This mission was supposedly top secret, of course, but Del Winslow, a member of the church choir, and Pastor Henry O’Donnell had managed to weasel the details out of Gerald with surprisingly little effort one evening over a game of pool in Del’s rec room. Del, sensing an opportunity, begged Gerald to allow him to invest his life savings in the venture. Pastor O’Donnell wanted to invest as well, but his naturally skeptical wife Jennifer wouldn’t hear of it. Gerald finally relented and allowed Del to invest, admonishing everyone present that evening to keep the matter completely confidential.

Which is why Del was nearly apoplectic when he cornered the pastor during coffee hour the following Sunday.

“In the last twenty minutes five different people have told me about Gerald’s secret investment opportunity!” Del hissed. “Did you tell anyone?”

“No, of course not,” Henry said. “Well, Tammy. And Shane. And I might have mentioned something to Walter. But I swore all of them to absolute secrecy.”

Del buried his head in his hands. He felt like crying. “What will Gerald say? You might have jeopardized the whole thing!”

Gerald, of course, would have thanked the pastor. He was counting on the “secret” getting out. Every time someone approached him at coffee hour with that conspiratorial look in their eyes he knew he was about to make more money.

Meanwhile, Gerald had been charming a trio of older women from the church – Henrietta Miggins, Celia Simmons and Betsy Davis. He had become a regular at their Sunday afternoon tea, much to Celia and Betsy’s delight and Henrietta’s consternation. However, over a three week period he had also fixed Henrietta’s toilet, dragged some large furniture items down from her attic and shoveled her walkway several times – not to mention countless smaller chores like changing light bulbs and taking out the trash. So Henrietta tolerated the temporary male intrusion into the previously all-girl teas.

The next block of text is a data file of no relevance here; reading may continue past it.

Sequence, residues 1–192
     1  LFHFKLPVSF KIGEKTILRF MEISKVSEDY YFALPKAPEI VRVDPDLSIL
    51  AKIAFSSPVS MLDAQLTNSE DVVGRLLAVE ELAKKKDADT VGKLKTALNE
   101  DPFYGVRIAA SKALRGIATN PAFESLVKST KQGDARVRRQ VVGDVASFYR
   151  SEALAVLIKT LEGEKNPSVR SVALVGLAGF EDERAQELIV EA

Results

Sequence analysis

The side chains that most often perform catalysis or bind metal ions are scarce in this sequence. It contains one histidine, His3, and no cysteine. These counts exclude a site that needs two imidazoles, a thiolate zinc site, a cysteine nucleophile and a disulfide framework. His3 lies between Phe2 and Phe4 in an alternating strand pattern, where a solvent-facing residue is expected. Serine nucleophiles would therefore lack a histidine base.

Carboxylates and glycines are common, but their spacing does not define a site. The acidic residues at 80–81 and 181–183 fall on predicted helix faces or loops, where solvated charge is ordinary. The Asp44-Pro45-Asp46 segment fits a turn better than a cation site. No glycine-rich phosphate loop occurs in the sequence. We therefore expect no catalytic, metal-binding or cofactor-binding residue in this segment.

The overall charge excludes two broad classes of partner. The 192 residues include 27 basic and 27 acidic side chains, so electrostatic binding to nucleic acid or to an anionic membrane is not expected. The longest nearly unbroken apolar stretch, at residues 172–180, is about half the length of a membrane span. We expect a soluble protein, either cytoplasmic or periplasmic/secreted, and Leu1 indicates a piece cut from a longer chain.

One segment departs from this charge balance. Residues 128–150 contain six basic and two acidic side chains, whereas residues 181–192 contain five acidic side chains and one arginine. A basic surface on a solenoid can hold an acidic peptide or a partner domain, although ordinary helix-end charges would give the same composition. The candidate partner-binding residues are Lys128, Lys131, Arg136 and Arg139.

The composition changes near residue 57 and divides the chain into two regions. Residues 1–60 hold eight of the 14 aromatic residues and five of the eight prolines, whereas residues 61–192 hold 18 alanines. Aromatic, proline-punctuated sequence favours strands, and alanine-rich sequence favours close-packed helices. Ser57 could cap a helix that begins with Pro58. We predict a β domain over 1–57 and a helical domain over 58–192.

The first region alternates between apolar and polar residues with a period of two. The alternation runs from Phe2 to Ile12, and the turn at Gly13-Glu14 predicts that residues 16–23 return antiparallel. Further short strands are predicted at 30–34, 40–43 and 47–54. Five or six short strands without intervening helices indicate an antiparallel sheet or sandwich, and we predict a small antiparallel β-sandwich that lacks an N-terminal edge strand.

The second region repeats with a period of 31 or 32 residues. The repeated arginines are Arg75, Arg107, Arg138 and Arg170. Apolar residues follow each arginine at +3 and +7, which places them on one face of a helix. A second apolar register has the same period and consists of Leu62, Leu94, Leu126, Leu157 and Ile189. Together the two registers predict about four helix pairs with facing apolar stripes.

During that Sunday afternoon’s tea, after they’d gone through the routine criticism of the café’s scones which somehow still never went uneaten, Betsy said, “Gerald, I understand you’re handling some investments for members of the church.”

“Why yes,” Gerald replied. “A few of the nice folks here have asked to buy into the start-up for which I’m arranging financing. Why? Were you interested in investing?”

“Is it a sound investment,” Betsy asked.

“I think so,” Gerald replied. “In fact, I’ve put a good deal of my own money in it.”

“Well, if you’re that confident then it certainly must be worthwhile.”

“I would be delighted to include you,” Gerald said, then looked over at Celia. “How about you, Celia? Would you care to invest?”

Celia shook her head. “My son handles all my money,” she said.

“I see. And you?” Gerald asked Henrietta. From his time in her house doing odd jobs he knew the old bag was loaded. He was determined to get some reward for all the work he’d put in.

“Hm. I’ll think about it.” She said. “But I don’t believe this is an appropriate topic of discussion for tea. If I may change the subject, you won’t believe what I found when I went into the garage this morning. My Ford has two flat tires!”

“You never drive that thing anyway,” Celia snorted.

“Whether I drive it or not I like to keep it in good working order. I’m not operating a junk yard.”

“Would you like me to come over this evening and fix the tires?” Gerald asked.

“That would be very kind,” Henrietta replied. “Thank you. And while you’re there, perhaps you could help me change the filter on my central heat. It would give us a chance to talk more about this business venture of yours.”